Studying a degree in the arts? Chances are that you’ve been confronted by a BSc student claiming their degree is more worthy than your Bachelor of Arts. Now imagine BA students are Labour and BSc are Conservative, or in another light, Jeremy Corbyn repetitively being told his policies are no use by Theresa May. It is this belittling attitude that aims to subdue creativity, while building an increasingly dominant analytical approach in a revolutionary technological era.
The surprise June 8th general election proposed by Mrs May has caused much speculation in light of her original and rather adamant attitude that there would be no general election until 2020. Whether this U-turn decision is correlated to the Conservative’s election spending investigation or not people can only speculate, but what is clear is the potential threat that the creative economy and workers will face if cuts to the industry and related sectors continue for another 5 years.
Photo credit: Marus Bridge Primary School
“They’re making cuts to the education sector.”
That’s right, schools are facing the largest cuts in funding since the mid 1990s according to the Institute for Fiscal Studies. It is estimated that by 2019-2020 funding will fall by 6.5% per pupil, while students attending college and sixth form have already endured a decrease in education spending of 6.7% between 2010 and 2011, under the Cameron-Clegg coalition. We all know how that old tuition fee promise ended up… torn up and tripled.
Photo credit: Wessex Scene
As much as we moan about it at the time, education is essential for building intellect, knowledge and developing character in a varied social environment. In a recent survey of 1000 teachers 80% of participants said their schools were already making cuts, while 9% reported that cuts to art, music or drama in timetables was an action schools were having to take as a result of a lack of funding. In comparison to mandatory subjects of Math, English and Science, topics classed under the arts are the first to take impact in schools, despite the ongoing debate of whether or not they are just as important to the curriculum. A 4% decrease in students taking drama as an option at GCSE is just one result of many to come. On a small scale this may seem insignificant, but the economic benefits that creative workers bring to the UK are estimated to be £10 million an hour.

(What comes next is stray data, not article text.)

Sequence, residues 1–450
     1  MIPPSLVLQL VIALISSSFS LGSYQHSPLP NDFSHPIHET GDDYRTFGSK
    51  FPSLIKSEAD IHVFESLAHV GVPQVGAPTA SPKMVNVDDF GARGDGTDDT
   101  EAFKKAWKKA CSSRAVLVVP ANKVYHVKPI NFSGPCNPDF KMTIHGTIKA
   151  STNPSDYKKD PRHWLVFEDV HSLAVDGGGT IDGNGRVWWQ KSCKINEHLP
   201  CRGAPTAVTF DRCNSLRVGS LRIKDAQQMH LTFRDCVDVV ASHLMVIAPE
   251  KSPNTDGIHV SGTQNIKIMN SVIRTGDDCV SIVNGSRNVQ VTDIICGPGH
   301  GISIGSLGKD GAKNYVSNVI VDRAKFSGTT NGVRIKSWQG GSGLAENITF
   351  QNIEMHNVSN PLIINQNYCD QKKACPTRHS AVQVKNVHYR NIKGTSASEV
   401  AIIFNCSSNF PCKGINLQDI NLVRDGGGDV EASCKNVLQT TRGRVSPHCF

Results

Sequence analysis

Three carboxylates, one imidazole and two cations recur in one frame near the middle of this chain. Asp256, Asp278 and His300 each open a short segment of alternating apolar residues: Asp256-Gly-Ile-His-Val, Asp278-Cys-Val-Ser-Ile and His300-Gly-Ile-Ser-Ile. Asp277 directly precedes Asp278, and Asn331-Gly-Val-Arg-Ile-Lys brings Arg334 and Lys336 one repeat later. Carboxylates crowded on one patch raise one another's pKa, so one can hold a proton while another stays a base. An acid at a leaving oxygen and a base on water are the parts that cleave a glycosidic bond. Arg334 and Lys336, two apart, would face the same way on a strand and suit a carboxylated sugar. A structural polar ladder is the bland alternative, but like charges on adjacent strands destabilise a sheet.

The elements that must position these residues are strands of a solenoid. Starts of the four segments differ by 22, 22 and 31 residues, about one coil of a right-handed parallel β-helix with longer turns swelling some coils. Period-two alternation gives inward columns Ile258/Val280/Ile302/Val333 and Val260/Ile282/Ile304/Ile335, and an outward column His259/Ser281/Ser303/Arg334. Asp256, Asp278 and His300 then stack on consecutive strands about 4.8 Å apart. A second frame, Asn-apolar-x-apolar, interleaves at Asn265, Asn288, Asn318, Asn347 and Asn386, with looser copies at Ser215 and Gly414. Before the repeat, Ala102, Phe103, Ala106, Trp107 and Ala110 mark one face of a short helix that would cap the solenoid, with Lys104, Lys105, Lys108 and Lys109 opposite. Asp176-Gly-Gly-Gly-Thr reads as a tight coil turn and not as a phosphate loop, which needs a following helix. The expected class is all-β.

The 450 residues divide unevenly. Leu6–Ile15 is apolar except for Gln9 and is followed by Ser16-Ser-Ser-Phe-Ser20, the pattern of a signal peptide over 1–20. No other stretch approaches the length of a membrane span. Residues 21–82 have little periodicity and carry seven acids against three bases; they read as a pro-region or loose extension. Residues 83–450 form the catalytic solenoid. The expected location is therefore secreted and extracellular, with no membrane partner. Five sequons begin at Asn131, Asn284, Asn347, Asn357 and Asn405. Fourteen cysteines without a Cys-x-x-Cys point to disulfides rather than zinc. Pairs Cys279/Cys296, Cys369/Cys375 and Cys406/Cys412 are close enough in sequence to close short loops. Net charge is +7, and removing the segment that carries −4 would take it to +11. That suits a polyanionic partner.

And that’s what matters right, money and economic benefit over a child’s education?
Abolished Art Grants
Prior to the 2015 election, then Shadow Culture Secretary Harriet Harman, warned that another Tory government “would continue to devalue creativity in education and would take public spending back to levels seen before the Arts Council had even been conceived of” (Independent, 2015). Two years later and art grants from Bath and North East Somerset Council have recently been reported as obsolete, after scrapping their once existing £5,000 annual grant with a long term aim of saving £433,000 by 2020.
Photo credit: Banksy Brexit art
But what about BREXIT?
Of course, no political post would be complete without the big B. There will be an impact on creative cultural industries when the UK has officially left the European Union, as outlined by the Creative Industries Federation. Some concerns include:
- The loss of rights protecting original designs with knock-on effects for trade showcases such as London Fashion Week.
- The impact on the finances and international standing of British higher education of a likely cut to the number of EU students and academics.
- Whether the UK will proceed with hosting the European City of Culture in 2023.
However you vote on June 8th, make sure you do just that, VOTE!
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